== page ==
Living mindfully invites us to AWAKEN and learn to be aware in each moment. We practice TUNING IN to life with all of our senses—seeing, hearing, smelling, tasting, touching.
“The challenge is to make calmness, inner balance, and CLEAR SEEING part of everyday life.
In the same way that it is possible to be mindful whenever we are walking,
we can attempt to bring moment-to-moment attention
to the tasks, experiences, and encounters
of everyday life.”
— Jon Kabat-Zinn
Now, let’s explore mindfulness, as it relates to drinking a cup of TEA or COFFEE. We’ll imagine staying FULLY PRESENT during the beginning, the middle, and the ending of the experience.
For example, let’s picture ourselves being present while standing in line, at our favorite coffeehouse* (beginning). We’re waiting to place our order and pay for our beverage. While waiting, we smell the delicious coffee fragrances and curiously notice the people around us.
Next, we receive our hot drink and sit down at a table to sip it (middle). As we inhale the steamy scents and savor the taste, we breathe deeply. We enjoy the warmth beneath our fingers, as we gently grasp our cup. While listening to the coffee house noises, we glance out the window to see what’s going on outside.
Later, we take the last sip of our warm beverage (ending). We stand up, stretching a bit, before mindfully placing our cup into the appropriate bin. We leave, feeling grateful and satisfied.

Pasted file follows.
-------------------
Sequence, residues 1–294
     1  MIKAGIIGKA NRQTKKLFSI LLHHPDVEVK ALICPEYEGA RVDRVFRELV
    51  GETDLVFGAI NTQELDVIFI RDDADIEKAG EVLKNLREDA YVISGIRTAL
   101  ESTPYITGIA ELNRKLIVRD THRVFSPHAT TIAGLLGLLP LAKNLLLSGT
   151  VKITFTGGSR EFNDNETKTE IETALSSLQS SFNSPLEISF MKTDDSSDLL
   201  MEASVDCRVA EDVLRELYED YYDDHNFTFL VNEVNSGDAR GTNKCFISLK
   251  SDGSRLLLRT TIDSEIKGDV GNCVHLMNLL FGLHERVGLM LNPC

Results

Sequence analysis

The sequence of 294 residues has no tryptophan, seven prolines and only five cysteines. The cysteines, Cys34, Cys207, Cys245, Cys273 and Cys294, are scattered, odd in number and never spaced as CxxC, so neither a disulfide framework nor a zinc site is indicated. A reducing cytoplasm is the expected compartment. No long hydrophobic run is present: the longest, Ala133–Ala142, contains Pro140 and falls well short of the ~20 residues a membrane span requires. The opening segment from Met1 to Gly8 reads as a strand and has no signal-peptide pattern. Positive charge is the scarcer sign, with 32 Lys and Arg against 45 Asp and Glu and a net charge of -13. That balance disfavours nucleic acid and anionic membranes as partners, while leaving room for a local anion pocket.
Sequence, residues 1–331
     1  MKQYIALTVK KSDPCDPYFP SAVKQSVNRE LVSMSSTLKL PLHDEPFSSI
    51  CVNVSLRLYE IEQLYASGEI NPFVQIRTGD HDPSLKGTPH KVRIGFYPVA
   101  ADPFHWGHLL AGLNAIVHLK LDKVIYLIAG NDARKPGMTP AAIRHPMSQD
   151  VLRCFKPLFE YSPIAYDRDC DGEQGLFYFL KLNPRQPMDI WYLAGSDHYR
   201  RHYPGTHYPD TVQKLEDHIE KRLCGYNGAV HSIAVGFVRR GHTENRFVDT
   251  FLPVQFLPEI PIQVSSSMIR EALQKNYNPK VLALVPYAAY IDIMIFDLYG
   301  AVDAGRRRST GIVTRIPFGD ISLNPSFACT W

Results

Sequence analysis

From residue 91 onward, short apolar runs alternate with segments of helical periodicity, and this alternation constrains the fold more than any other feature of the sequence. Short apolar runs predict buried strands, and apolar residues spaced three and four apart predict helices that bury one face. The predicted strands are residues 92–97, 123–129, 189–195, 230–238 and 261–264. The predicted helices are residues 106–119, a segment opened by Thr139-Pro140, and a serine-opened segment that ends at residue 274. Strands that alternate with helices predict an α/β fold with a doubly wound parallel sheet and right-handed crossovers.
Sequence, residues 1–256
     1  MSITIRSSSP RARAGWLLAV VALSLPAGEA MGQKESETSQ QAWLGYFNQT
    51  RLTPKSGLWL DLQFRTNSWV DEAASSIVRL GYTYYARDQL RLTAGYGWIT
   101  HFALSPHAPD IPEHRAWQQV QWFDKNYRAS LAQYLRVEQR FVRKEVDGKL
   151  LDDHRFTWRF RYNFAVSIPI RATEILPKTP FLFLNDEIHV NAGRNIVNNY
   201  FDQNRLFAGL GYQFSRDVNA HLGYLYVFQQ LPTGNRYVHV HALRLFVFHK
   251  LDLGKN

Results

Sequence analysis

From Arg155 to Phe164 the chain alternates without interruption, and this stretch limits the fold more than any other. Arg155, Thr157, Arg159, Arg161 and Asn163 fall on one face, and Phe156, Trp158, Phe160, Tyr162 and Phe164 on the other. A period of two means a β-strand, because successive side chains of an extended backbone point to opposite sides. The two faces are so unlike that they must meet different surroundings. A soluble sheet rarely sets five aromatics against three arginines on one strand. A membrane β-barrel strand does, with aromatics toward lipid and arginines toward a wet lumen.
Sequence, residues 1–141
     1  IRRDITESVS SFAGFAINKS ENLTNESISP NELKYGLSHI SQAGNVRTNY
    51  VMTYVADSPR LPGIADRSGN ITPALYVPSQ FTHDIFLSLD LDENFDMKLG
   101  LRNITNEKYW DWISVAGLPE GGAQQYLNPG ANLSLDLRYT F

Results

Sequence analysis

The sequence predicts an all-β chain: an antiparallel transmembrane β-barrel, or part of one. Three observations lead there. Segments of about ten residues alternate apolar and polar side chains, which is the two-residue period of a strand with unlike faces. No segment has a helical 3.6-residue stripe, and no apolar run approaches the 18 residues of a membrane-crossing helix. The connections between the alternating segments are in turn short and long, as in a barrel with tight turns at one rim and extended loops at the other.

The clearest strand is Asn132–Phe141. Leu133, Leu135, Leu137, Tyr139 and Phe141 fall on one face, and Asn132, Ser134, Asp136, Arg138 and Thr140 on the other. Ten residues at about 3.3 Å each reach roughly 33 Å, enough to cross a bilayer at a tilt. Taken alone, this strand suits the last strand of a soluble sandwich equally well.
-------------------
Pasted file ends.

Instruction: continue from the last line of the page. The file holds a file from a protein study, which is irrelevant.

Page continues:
So, there you have a relatable example
of being AWARE during different stages
and embracing the present moment.
Now, the opposite of mindfulness is sleepwalking in our lives. We may be tuned in to our minds (thoughts), but we may be asleep when it comes to our bodily responses—or our emotional responses.
When this happens, it’s easy to resist natural stages—especially endings—and feel disappointed (like after our beverage is gone), rather than embracing a moment of gratitude. Meanwhile, if we focus only on our negative responses to the ending stage, then we miss ENJOYING the pleasurable warmth of the tea or coffee in our stomachs.
In addition, if we are prone to having super high or “perfectionistic” expectations, then we will most likely struggle with all three stages—the beginnings, middles, and endings. On this path, life will never measure up to the “perfect fantasies” in our minds.
As a “recovering perfectionist” myself,
practicing mindfulness is an important tool
that I continue to be GRATEFUL for in my daily life.
As you may already know, mindfulness has become a complementary, holistic method offered for a variety of health challenges. Studies researching the effectiveness of mindfulness have shown that, for a majority of participants, pain-related drug use decreased, whereas activity levels and feelings of self-esteem increased. Whoo hoo!
For this reason, during private sessions, I teach clients how to reduce stress by becoming more mindful. When we’re listening, our somatic or bodily responses offer important messages. Unfortunately, when these messages are ignored, the symptoms often become louder and may include an escalation of physical pain in an attempt to get our attention.
We might think of pain (physical and emotional) as nature’s way of sounding a warning alarm. Frozen or stuck feelings and memories can create a sense of dis-ease in the mind and the body. When left unaddressed, these painful emotions and memories may eventually manifest in the form of stress-related diseases.
Finally, when we practice staying present—during beginnings, middles, and endings—we tune in to our mind-body wholeness.
By doing so,
we discover the secret
to savoring the subtle,
of our lives.